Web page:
This is a wonderful model for the sewer who is concerned with space. It gives you the best of both worlds in one easy-to-store sewing machine. One word of truth: if you are looking for a serger to tackle really tough jobs, this may not be the perfect match for you. But if you’re interested in using a serger for simple tasks this may be all you need.


Comments (18)

Tejas Nair said:
Tejas Nair's picture

I was doing some basic research on sergers and found this post. Wonderfully written, informative, and a delight to read.

Liz Johnson.Editor.Sew4Home said:
Liz Johnson.Editor.Sew4Home's picture

@Tejas Nair - Thank you. We're glad to hear you found it helpful!

A Price said:
A Price's picture

Thanks for this great info! Ive been sewing for a long time and have never owned a serger. My husband asked me what I want for Christmas and I gave him my usual reply-"I don't know..." But then I came up with this idea 

DawnDMG said:
DawnDMG's picture

Hi, I am thinking of buying a serger - which is better the Janome Juno S1234DX or Janome 8002D...or should I say which is the higher lever of serger? Thank you

Liz Johnson.Editor.Sew4Home said:
Liz Johnson.Editor.Sew4Home's picture

@ DawnDMG - The Juno S1234DX is not sold here in the US, so I'm afraid we are not directly familiar with it. We really wouldn't be able to do much more than what you are doing now, which is comparing listed features from the online sites. If possible, our first recommendation is always to shop through a local dealer so you can "test drive" the models to see which one you really like best. 

Rachel Johnson said:
Rachel Johnson 's picture

hi I just bought a Janome 644D at a thrift store for $100 and was wondering if that's a good deal.  I have never used a serger before and was thinking about getting one when I seen it. Thanks

Liz Johnson.Editor.Sew4Home said:
Liz Johnson.Editor.Sew4Home's picture

@ Rachel Johnson - there's really no way to tell if you got a good deal without knowing the condition of the machine. We're not big advocates of buying used machines at thrift stores and/or garage sales, because of just that: it's tough to gauge the machine's condition. It's best to bring it to a local dealer to get it checked out, which does have a cost attached to it so can often cancel out the original "good deal." But without having an expert take a close look, it's hard to know when a challenge you encounter with it is "user error" or a machine issue. If you have a local Janome dealer, I would recomment having him/her take a look and do any needed service.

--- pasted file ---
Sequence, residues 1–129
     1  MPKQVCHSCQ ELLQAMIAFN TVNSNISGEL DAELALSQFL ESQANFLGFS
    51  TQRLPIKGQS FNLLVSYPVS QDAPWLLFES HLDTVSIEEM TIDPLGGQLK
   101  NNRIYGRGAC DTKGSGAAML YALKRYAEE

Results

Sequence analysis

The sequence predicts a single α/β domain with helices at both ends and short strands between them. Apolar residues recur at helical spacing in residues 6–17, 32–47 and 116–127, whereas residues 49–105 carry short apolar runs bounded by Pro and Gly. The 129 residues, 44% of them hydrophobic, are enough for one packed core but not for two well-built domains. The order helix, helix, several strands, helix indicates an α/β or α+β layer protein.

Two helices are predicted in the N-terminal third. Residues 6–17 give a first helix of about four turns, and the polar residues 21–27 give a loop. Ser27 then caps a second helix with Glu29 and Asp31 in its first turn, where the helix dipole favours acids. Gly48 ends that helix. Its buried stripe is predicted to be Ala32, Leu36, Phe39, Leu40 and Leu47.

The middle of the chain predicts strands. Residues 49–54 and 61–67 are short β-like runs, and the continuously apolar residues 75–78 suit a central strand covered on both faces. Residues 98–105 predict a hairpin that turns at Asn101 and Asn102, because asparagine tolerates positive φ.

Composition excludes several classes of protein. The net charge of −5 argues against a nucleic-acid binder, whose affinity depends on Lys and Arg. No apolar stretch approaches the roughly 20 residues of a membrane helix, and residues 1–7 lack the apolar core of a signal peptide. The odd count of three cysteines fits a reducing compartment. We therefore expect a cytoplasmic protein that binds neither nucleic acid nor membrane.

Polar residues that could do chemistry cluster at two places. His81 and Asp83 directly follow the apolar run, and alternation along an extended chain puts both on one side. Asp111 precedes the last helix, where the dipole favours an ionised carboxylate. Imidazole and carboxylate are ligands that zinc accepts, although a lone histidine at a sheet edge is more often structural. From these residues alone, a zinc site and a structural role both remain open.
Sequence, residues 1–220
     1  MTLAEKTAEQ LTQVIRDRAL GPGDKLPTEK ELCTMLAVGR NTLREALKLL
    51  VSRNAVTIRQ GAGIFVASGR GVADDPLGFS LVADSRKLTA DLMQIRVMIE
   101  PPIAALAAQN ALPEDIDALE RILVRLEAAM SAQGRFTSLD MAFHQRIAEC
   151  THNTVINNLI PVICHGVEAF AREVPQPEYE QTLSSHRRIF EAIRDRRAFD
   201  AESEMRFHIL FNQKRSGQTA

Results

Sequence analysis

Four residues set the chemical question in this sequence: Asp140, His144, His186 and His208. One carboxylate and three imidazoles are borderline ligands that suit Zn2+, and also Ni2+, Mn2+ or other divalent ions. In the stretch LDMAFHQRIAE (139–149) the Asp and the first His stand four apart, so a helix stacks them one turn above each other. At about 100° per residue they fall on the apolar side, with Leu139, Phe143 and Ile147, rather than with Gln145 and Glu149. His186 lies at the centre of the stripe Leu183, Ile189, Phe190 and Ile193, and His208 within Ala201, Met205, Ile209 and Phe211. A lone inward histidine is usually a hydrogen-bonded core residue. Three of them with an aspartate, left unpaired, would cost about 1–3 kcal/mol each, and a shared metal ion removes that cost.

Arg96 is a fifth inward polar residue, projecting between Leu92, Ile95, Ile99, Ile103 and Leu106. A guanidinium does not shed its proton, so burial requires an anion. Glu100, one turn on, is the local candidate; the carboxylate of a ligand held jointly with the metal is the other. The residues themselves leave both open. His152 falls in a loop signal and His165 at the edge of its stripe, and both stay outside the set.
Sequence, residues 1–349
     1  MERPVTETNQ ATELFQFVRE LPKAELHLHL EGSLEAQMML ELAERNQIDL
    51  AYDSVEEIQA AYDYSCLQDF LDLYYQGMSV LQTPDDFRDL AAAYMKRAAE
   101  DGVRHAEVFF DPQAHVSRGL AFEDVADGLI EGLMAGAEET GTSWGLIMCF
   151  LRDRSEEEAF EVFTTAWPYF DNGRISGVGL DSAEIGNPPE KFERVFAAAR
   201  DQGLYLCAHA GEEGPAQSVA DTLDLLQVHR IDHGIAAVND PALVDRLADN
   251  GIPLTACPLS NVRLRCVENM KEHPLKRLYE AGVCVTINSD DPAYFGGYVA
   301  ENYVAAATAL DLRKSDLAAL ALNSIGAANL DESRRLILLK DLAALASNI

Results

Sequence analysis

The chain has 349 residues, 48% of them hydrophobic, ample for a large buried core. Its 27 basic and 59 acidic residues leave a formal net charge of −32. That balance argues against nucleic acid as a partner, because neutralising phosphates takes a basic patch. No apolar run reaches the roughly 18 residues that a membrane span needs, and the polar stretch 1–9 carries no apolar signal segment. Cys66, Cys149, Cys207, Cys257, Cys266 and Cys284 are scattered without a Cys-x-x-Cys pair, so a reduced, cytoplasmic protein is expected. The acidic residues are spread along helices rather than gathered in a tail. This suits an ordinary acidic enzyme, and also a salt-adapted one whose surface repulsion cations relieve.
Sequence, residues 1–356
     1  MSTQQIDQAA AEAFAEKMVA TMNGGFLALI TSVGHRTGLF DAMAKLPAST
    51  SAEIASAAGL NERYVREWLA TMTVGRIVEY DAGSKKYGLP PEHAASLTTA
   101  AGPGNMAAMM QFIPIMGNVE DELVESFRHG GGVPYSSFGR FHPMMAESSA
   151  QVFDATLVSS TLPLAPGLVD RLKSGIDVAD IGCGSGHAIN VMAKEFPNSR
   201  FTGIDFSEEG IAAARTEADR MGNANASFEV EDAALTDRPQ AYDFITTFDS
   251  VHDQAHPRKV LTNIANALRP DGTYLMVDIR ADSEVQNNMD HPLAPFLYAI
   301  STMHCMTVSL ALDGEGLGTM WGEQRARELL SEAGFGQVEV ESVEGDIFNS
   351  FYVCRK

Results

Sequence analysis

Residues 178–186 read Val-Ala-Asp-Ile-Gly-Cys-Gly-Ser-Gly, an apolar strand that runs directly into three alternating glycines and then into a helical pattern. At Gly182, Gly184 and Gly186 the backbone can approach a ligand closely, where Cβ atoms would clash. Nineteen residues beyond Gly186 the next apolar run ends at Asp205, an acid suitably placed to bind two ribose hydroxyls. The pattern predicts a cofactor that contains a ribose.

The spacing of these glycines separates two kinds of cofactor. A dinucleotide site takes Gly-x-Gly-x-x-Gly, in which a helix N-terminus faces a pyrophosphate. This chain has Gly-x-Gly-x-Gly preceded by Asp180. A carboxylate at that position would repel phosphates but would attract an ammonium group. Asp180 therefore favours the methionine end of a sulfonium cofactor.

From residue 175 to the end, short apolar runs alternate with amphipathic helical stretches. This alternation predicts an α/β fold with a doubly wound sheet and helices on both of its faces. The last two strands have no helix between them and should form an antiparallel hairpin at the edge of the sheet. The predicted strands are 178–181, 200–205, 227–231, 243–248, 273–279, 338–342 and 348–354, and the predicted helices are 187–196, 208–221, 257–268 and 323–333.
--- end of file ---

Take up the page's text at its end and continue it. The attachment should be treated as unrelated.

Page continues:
LiliS said:
LiliS's picture

Hi I was wondering how I managed to get really small rolled hem, I have a Janome 990D. Thanks

Nirtak said:
Nirtak's picture

I am at my wit's end.

The left needle on my Brother 1034D skips stitches when serging multiple (more than 2) layers. The right needle works whatever I do, no matter how many layers, how long and wide the stitch, how fast or slow-nothing upsets that one.

What I have tried:

changed the tensions

put in new needles (90/14 Schmetz)

changed the pressure foot tension

changed stitch length and width

I loosened the left needle tension, and it almost stopped skipping stitches, but the seam isn't strong, since the left needle tension is too loose.

The company told me to have it serviced, but it is out of warranty.

Any ideas?

Thank you so much

Liz Johnson.Editor.Sew4Home said:
Liz Johnson.Editor.Sew4Home's picture

@ Nirtak - the exclusive sewing machine sponsor for Sew4Home is Janome. We do not have experience with the Brother sergers and so cannot help you. A dealer would be your best option. 

BabsBlue said:
BabsBlue's picture

I'm considering getting a serger.  This information is very helpful, thank you

Liz Johnson.Editor.Sew4Home said:
Liz Johnson.Editor.Sew4Home's picture
Congrats C. Carpenter ... you will LOVE your new serger. smilies/cheesy.gif
C. Carpenter said:
C. Carpenter's picture
I've been sewing for almost 40 years and have never used a serger! (Those 4 and 5 spools are a bit intimidating. ) I just bought my first serger and will be taking time this weekend to try to figure things out. Your article was quite informative. Thank you so much. Wish me luck!
Liz Johnson.Editor.Sew4Home said:
Liz Johnson.Editor.Sew4Home's picture
Thanks, mjay - we've gotten a lot of positive feedback on the site, on Facebook and on Twitter on our first article about serging. We'll certainly be working on getting more information and perhaps a project or two into the mix for next year.